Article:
Nature has developed an array of mechanisms and structures that are necessary for survival. They allow biological systems to fly, eat, survive harsh intertidal zones, walk on vertical surfaces, and many other processes. Not only are the abilities to perform these activities impressive, but their synthesis is impressive from a materials science stand point. The integration and implementation of the mechanisms and structures happens under mild reaction conditions: ambient temperature, atmospheric pressure, and in the presence of water and oxygen. Studying nature has proven to be an enticing inspiration for developing new materials.
In this work we focus on energy dissipation mechanisms found on nature for new polymeric materials. The mechanisms of interest are gradients, hierarchical structures and metal-ion coordination, which can be used to improve the toughness of materials. These mechanisms are applied to polyurethane foams and to a thiol-ene based network. The most promising results come from the integration of metal-ion complexation into a thiol-ene network. We were able to create a tunable network for improved stiffness, toughness, and breaking strain.
Additionally, it is useful to understand the chemistry of prevalent moieties found in nature. Extensive biological cross-linking for hardening is done using catechol and quinone functionalities. Chemoselective addition of organometallic reagents to 3-benzyloxy-1,2-o-quinone are described. Various nucleophiles are shown to undergo selective 1,2-addition, 1,4-addition, and etherification. Selective 1,2-additions provide stable, non-dimerizing o-quinols as a novel alternative to oxidative dearomatization.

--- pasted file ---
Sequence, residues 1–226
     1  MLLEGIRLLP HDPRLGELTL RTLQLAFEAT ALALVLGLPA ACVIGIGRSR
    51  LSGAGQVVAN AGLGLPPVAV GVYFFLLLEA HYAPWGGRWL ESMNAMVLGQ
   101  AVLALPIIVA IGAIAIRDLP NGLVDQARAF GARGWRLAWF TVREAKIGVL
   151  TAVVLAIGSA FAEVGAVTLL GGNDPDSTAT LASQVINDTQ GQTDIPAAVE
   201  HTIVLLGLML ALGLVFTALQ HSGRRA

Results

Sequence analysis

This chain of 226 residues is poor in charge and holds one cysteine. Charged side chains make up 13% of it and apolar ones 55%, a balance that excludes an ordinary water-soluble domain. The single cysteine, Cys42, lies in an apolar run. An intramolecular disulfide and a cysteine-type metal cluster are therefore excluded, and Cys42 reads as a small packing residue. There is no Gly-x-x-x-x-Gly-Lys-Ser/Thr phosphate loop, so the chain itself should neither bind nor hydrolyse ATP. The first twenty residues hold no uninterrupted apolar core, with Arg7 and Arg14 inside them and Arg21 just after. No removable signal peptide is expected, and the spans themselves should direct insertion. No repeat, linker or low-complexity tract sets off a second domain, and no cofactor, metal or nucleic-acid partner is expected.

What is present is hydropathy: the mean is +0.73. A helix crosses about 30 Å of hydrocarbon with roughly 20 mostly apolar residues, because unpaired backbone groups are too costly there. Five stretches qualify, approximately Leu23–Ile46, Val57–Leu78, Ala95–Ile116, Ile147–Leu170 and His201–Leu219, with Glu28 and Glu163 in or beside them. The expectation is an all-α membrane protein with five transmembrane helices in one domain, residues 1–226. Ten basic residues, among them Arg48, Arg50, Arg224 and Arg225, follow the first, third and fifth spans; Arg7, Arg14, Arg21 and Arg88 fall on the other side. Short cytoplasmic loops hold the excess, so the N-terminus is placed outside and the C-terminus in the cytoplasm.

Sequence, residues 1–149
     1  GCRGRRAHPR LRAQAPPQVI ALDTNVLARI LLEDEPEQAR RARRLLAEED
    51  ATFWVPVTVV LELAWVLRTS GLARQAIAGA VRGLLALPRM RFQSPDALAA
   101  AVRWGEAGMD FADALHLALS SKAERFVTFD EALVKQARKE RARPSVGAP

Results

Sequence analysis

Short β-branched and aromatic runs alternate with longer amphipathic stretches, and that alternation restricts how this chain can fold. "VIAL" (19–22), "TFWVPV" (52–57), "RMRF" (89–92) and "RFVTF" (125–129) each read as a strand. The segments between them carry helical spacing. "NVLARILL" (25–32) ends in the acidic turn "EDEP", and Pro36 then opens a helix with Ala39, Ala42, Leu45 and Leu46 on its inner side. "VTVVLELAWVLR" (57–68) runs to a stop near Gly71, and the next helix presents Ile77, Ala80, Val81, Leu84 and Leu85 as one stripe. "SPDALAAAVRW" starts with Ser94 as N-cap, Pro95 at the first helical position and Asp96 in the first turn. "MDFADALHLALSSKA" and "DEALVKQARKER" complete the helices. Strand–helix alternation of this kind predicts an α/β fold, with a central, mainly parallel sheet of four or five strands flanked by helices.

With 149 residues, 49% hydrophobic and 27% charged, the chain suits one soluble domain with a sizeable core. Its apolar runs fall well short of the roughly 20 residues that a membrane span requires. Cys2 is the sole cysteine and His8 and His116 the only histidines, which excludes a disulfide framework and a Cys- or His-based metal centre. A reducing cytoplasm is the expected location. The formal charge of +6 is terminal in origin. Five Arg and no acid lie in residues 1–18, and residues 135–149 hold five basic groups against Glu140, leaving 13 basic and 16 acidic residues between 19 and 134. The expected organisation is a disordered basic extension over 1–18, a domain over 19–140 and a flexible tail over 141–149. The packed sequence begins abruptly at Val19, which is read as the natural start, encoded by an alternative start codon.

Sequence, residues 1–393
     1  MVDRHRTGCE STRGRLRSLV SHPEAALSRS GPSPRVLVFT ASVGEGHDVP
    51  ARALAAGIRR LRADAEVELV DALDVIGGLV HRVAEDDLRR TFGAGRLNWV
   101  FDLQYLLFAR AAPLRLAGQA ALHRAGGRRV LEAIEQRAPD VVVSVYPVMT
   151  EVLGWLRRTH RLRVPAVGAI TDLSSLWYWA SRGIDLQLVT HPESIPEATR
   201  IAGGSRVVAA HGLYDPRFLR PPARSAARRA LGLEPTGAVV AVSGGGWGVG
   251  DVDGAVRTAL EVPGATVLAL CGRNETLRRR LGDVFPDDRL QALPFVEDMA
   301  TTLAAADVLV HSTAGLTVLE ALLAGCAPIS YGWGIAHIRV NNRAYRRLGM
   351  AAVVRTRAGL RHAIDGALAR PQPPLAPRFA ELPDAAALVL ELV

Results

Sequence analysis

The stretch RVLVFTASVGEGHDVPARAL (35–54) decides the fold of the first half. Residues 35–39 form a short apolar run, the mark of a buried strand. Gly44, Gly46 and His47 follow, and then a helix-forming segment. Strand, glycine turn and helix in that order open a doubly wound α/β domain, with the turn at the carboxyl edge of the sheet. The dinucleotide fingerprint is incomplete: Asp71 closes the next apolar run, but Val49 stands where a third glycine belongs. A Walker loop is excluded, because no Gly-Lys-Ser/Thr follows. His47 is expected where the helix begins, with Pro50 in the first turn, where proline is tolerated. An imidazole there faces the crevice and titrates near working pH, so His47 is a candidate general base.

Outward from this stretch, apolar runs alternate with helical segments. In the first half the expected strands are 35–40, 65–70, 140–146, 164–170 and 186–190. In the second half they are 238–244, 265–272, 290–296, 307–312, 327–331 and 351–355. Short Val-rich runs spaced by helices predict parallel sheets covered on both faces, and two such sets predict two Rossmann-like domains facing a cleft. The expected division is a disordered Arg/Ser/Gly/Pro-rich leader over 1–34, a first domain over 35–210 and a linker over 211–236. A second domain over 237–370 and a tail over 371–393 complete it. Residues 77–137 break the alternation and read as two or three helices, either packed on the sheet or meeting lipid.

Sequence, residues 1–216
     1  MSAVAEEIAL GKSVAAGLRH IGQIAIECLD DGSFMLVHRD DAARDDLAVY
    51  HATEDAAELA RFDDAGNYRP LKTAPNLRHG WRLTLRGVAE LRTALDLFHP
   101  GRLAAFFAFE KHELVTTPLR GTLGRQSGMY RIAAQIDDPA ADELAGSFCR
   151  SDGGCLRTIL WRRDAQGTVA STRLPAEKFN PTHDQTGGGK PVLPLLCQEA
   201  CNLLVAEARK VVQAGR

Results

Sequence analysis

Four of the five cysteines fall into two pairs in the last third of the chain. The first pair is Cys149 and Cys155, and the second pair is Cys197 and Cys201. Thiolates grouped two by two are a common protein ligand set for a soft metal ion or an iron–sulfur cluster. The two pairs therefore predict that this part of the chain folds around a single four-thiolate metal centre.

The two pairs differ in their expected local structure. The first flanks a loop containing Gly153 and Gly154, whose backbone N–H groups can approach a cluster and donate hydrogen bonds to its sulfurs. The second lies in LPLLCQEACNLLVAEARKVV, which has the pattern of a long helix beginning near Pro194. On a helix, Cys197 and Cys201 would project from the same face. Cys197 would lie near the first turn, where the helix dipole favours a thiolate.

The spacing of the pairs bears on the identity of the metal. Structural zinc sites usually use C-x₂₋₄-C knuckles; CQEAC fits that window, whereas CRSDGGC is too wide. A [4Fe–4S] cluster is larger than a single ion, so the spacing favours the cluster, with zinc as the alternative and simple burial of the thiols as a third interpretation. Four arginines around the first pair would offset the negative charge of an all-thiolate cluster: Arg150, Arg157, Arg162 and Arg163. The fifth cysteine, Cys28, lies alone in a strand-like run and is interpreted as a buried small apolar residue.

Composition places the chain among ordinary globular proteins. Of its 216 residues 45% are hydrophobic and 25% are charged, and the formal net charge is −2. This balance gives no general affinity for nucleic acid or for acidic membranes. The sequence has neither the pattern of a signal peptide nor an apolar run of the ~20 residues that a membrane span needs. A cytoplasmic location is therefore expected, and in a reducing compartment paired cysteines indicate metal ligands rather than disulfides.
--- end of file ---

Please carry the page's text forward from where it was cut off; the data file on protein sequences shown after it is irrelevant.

|Advisor:||Stucky, Galen D.|
|Commitee:||Bazan, Guillermo C., Hawker, Craig J., Waite, J. Herbert|
|School:||University of California, Santa Barbara|
|School Location:||United States -- California|
|Source:||DAI-B 74/06(E), Dissertation Abstracts International|
|Subjects:||Biochemistry, Materials science|
|Keywords:||Bio-inspired, Energy dissipation, Polyurethane, Quinone, Thiol-ene|
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